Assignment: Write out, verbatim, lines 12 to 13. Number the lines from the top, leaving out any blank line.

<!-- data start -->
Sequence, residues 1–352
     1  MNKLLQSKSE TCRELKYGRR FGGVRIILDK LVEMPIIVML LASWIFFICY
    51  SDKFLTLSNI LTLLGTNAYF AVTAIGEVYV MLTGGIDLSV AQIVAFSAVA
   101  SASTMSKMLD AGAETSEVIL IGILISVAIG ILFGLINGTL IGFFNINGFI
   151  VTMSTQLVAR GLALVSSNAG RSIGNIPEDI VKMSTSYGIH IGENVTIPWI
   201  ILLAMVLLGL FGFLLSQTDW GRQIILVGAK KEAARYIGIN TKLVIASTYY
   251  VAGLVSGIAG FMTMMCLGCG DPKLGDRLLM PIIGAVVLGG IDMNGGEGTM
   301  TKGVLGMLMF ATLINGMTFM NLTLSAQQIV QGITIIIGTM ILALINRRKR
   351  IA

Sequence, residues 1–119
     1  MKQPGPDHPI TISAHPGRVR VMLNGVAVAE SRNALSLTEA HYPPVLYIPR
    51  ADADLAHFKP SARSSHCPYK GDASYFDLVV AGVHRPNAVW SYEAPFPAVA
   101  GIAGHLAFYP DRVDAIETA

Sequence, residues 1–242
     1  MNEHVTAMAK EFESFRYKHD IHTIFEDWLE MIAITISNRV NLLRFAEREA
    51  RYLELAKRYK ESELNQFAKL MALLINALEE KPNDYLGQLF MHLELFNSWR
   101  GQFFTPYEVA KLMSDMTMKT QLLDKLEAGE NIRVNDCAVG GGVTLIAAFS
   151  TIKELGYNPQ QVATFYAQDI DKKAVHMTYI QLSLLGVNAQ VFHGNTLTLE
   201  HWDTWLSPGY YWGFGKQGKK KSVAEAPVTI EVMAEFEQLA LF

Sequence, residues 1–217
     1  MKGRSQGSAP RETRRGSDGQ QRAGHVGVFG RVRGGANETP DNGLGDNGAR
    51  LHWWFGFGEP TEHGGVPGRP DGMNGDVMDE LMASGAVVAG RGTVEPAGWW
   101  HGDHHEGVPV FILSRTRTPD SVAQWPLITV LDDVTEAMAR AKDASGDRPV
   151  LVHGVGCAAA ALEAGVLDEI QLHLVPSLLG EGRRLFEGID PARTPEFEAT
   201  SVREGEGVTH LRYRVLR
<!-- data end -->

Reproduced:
    51  ADADLAHFKP SARSSHCPYK GDASYFDLVV AGVHRPNAVW SYEAPFPAVA
   101  GIAGHLAFYP DRVDAIETA